If you’re living with irritable bowel syndrome (IBS), you’re already aware of the impact the condition can have on your life — but chances are strong that other people in your orbit don’t know as much as they could about the disease. That’s why it’s important to raise awareness for this medical condition — particularly in April, which is IBS Awareness Month.
It can be hard when your friends and family don’t know what you’re going through. It can also feel difficult to say no to loved ones who don’t understand your situation because you might worry about how your relationships will be affected.
Raising awareness of IBS is important so your friends, family, and acquaintances can better understand how to support you.
“I will never stop advocating for myself, and if I can help other people with what I’m going through, I will. Bowel issues and a whole wide spectrum of other health issues that come along with it need to have awareness raised,” wrote one myIBSteam member.
Before you can create public awareness by sharing information with others, it’s a good idea to understand the specifics of IBS. Learn more about IBS’s causes, signs and symptoms, and treatment options.
IBS is a functional disorder of the gastrointestinal system. In people with IBS, there is no damage or visible sign of disease in the large intestine, but it does not work properly. IBS can cause diarrhea, constipation, or a mixture of both, along with abdominal pain, bloating, heartburn, and other symptoms. IBS can have a significant impact on quality of life, negatively affecting work, relationships, social life, and travel.
After you’re armed with information about IBS, you can share it with others. The fastest and least expensive way for this kind of advocacy is through social media. You can post information about IBS, share details about the condition, and join communities of other people who are also working to raise awareness of IBS.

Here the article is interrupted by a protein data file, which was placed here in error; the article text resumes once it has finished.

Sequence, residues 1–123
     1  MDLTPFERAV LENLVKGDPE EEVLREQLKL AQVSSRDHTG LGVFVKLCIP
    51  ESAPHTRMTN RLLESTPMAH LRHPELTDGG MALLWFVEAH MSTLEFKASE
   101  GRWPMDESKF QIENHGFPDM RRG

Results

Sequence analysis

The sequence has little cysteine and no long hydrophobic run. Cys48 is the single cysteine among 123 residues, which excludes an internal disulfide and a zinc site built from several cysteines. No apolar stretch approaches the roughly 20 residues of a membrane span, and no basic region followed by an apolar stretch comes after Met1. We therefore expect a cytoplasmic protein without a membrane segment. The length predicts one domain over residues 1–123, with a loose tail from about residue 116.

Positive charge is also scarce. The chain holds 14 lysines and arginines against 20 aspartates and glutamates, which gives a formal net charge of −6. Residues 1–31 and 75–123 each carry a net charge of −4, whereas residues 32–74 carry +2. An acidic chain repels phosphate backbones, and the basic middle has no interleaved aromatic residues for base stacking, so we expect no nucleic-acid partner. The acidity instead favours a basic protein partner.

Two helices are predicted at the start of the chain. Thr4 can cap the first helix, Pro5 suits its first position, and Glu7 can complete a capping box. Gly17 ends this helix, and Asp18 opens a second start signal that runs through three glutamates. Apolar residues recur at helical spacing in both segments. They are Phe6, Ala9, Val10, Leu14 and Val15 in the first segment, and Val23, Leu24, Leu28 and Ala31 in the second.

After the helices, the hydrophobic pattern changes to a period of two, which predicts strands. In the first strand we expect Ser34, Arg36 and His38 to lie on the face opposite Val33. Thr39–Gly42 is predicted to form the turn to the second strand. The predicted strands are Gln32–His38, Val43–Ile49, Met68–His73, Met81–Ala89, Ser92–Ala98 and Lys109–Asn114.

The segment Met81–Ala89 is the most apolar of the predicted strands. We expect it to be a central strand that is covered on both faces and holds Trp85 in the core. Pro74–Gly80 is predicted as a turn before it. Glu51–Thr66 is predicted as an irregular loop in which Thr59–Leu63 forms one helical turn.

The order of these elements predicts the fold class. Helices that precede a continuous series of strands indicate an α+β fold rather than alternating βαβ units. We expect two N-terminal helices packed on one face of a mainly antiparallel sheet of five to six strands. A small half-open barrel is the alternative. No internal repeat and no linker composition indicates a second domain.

For example, you can follow and share messages from the International Foundation for Gastrointestinal Disorders (IFFGD) on Facebook or Twitter. You can share the foundation’s awareness resources, including digital posters.
Additionally, to ensure your messages on social media reach as many people as possible, consider using an appropriate IBS-related hashtag, like #IBSAwareness or #IFFGD. This way, your posts will be seen by more people who have the same interests, and they’re more likely to share and comment.
Social media helps raise awareness for the condition, and it also allows other people with IBS to realize they aren’t alone. Joining an IBS community on social media, such as myIBSteam, can also help you connect with others.
Another way to raise IBS awareness is to participate in an activity dedicated to the cause. You can walk or run for IBS, play bingo, participate in fundraising activities, or even create a unique event that works for your interests. You can help other people understand more about IBS while having fun and raising money for the cause.
If you are able, you can also donate (or encourage others to donate) to the IFFGD to support IBS advocacy and gastrointestinal disorder research.
In addition, remember to engage in self-care. It is emotionally taxing to educate others about your experiences, so know your limits and accept when to put your mental well-being first.
On myIBSteam, more than 25,000 people living with IBS come together to ask questions, give advice, and share their stories with others who understand life with the condition.
Share your IBS journey in the comments below, or start a conversation by posting on your Activities page.
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